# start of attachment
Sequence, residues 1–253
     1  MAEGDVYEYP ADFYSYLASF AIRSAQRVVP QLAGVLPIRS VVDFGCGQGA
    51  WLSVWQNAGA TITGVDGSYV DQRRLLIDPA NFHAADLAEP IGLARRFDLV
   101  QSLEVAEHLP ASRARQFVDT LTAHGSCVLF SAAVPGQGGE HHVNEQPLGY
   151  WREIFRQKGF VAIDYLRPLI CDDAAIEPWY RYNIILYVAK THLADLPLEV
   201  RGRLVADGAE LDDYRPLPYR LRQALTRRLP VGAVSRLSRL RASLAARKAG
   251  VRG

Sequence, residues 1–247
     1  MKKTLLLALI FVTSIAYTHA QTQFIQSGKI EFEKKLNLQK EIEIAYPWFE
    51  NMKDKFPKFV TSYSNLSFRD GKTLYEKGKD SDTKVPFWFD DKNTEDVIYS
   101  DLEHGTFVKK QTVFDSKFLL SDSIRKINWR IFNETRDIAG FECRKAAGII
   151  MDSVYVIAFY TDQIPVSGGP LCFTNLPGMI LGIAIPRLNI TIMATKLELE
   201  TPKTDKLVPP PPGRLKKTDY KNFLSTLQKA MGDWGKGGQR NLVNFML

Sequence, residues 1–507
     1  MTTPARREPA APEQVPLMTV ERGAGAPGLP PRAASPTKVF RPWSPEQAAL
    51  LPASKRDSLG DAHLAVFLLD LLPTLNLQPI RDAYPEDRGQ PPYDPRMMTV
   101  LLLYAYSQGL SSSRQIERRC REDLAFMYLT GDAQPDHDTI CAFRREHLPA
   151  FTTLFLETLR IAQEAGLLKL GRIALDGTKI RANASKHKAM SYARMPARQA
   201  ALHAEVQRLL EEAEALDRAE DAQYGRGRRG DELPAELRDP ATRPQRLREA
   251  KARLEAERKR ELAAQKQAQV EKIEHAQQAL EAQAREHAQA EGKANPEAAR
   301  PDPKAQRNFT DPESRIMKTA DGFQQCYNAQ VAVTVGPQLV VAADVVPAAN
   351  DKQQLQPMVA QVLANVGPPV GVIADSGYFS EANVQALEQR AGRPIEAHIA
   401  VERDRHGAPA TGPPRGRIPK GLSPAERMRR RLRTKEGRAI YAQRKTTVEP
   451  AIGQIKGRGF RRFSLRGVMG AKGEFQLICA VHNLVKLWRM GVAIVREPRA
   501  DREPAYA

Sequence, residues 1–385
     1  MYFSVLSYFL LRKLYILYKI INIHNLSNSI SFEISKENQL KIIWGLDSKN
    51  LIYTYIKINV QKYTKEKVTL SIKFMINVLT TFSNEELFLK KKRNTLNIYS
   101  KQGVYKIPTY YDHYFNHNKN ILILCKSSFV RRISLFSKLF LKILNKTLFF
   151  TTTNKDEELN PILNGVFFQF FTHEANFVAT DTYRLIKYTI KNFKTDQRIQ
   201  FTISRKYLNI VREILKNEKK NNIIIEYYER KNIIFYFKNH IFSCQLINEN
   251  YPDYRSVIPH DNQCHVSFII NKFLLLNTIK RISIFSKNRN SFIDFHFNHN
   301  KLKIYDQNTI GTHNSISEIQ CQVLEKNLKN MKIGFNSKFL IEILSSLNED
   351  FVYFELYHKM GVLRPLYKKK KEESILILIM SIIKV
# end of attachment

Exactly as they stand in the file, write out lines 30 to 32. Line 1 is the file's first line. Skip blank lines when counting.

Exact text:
   151  TTTNKDEELN PILNGVFFQF FTHEANFVAT DTYRLIKYTI KNFKTDQRIQ
   201  FTISRKYLNI VREILKNEKK NNIIIEYYER KNIIFYFKNH IFSCQLINEN
   251  YPDYRSVIPH DNQCHVSFII NKFLLLNTIK RISIFSKNRN SFIDFHFNHN